By Philip Elmer-DeWitt
May 6, 2014

“Perhaps the motion is satirical,” wrote U.S. District Judge Robert Hinkle in his response to a Florida man’s request to marry his Apple (AAPL) computer. “Or perhaps it is only removed from reality. Either way, the motion has no place in this lawsuit.”

Judge Hinkle’s order denying Chris Sevier’s motion — an attempt to intervene in a gay couple’s bid to get Florida recognition for their Canadian marriage — was filed two weeks ago. But the story only hit the wires Monday after Kyle Swenson published it in the Broward/Palm Beach New Times under the rubric Almost-Great Ideas.

The money quote, from Sevier’s court filing:

Recently I purchased an Apple computer. The computer was sold to me without filters to block out pornography. I was not provided with any warning by Apple that pornography was highly addictive and could alter my reward cycle by the manufacturer. Over time, I began preferring sex with my computer over sex with real women. Naturally, I ‘fell in love’ with my computer and preferred having sex with it over all other persons or things, as a result of classic conditioning upon orgasm.

What he’s trying to say is that same-sex marriage is the first step down a slippery slope. Let a man marry a man, and pretty soon people will start wanting to marry anything that turns them on.

Sevier may not be only man who thinks this way, but for him it seems to have become an obsession. It might be funny if Sevier’s case weren’t so sad. Swenson at the New Times did a search and turned up this:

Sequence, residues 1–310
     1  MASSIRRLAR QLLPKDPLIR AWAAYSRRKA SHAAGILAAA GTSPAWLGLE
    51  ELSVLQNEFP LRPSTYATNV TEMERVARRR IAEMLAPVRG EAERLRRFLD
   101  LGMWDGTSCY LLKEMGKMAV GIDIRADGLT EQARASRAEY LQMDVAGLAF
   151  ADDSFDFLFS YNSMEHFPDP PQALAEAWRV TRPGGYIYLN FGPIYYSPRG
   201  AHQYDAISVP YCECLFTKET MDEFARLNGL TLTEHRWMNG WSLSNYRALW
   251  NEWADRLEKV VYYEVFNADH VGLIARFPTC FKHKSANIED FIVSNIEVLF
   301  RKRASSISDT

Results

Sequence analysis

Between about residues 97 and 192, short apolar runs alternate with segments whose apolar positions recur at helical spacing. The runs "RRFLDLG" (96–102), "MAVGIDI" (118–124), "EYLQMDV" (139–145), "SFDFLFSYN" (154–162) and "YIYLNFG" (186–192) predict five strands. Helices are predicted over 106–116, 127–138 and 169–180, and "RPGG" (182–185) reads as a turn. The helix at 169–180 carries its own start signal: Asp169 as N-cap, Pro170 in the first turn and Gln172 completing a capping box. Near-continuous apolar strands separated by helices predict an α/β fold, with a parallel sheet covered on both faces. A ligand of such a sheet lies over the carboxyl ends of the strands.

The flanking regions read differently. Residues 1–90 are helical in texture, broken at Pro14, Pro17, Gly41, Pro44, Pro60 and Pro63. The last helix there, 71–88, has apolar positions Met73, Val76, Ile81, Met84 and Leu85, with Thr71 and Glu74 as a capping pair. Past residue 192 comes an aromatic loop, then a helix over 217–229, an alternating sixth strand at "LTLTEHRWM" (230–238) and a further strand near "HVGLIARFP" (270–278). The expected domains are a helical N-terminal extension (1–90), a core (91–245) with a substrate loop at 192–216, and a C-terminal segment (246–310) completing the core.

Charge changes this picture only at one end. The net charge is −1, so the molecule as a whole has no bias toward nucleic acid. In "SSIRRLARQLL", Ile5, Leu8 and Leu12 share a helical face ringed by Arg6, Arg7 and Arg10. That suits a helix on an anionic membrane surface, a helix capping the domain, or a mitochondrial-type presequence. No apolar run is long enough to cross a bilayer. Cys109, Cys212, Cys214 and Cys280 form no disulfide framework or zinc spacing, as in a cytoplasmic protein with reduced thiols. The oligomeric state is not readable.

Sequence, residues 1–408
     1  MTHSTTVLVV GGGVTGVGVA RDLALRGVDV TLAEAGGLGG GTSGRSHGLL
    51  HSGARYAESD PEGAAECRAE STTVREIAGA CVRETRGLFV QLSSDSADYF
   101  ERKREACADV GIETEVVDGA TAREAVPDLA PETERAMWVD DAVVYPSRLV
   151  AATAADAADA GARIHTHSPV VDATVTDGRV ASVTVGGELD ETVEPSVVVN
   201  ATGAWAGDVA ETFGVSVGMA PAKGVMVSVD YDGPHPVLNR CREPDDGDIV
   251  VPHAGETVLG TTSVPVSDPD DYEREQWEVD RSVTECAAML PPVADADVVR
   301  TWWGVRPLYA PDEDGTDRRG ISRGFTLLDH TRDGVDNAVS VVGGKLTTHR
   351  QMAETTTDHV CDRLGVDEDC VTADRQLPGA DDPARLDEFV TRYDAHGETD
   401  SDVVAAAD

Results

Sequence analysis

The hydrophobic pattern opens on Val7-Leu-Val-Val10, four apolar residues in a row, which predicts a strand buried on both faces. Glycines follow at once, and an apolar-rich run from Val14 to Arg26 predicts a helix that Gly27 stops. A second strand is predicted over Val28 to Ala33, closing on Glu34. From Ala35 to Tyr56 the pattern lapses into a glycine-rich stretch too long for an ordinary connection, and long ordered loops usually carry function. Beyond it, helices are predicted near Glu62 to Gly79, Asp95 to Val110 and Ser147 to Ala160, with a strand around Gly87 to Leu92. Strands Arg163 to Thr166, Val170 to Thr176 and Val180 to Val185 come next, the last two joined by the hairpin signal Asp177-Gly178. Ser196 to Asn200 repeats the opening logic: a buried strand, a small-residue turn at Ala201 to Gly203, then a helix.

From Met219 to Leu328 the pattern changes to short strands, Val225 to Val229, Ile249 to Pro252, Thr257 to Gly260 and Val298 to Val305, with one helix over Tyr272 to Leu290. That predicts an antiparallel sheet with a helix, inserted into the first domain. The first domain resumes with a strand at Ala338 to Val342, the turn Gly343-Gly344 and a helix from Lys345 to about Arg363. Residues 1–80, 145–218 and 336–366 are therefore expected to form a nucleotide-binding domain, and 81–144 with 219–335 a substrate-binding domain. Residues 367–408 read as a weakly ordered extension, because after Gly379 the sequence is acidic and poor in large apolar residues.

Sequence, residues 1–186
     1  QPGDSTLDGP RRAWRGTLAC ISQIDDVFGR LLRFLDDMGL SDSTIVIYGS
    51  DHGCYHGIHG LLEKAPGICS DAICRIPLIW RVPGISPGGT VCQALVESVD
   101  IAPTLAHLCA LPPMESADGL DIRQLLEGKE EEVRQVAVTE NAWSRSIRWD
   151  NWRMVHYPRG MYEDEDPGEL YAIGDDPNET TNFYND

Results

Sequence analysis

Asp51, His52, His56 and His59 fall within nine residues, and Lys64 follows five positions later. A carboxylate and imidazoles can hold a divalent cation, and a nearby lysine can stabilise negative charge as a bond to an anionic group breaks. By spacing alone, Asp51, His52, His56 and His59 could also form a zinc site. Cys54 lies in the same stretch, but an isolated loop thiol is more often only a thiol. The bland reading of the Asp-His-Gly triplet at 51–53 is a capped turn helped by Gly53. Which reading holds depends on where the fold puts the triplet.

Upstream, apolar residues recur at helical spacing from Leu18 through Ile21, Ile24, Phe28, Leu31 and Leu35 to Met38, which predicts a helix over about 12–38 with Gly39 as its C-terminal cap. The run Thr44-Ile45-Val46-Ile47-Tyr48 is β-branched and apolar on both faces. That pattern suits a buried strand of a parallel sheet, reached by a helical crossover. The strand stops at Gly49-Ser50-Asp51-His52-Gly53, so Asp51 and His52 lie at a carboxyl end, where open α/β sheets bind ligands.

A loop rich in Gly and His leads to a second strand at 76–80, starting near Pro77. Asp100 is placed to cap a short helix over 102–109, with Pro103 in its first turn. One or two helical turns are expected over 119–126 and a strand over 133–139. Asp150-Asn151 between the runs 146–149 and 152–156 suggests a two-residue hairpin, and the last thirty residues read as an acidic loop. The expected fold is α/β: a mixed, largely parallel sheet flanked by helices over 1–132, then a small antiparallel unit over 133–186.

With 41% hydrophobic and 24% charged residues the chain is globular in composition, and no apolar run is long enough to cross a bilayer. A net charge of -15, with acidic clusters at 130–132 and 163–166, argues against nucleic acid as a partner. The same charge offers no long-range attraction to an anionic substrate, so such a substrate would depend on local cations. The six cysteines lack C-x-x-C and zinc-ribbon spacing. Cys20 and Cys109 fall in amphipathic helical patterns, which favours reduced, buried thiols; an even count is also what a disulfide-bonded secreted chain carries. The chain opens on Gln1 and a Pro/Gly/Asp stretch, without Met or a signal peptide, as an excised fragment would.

A Chris Sevier 
sued Apple because it sold him a computer without telling him about the evils of porn. 
A Chris Sevier sued A&E after it fired 
Duck Dynasty
‘s Phil Robertson after he was caught spewing antigay talk. And just recently, 
a Chris Sevier tried to butt his way into Utah’s gay marriage legal case 
. In a 50-page motion, he claimed he was there to make the court “put up or shut up” on the gay marriage issue.

A 2011 PC Mag report has a bit more of Sevier’s story:

Back in 2011, Sevier was “transferred to disability inactive status” by the Tennessee Bar Association, which prevents him from practicing law. “He may return to the practice of law after proving to the court by clear and convincing evidence that the disability has been removed and he is fit to resume the practice of law,” 
the TBA said at the time
, but it’s unclear if Sevier has done so. He filed the complaint himself and it does not name an outside law firm; it lists his current position as an “electronic artist” with the music group Ghost Wars.

According to PC Mag, Sevier’s filing was “rambling, grammatically incorrect, and generally unhinged.” In 50 pages it managed to mention 9/11, cocaine, life in the 1950s, Abu Ghraib, and “what he feels are the detrimental effects of allowing gays to serve in the military.”

Sevier is an Army combat veteran, according to his filing.

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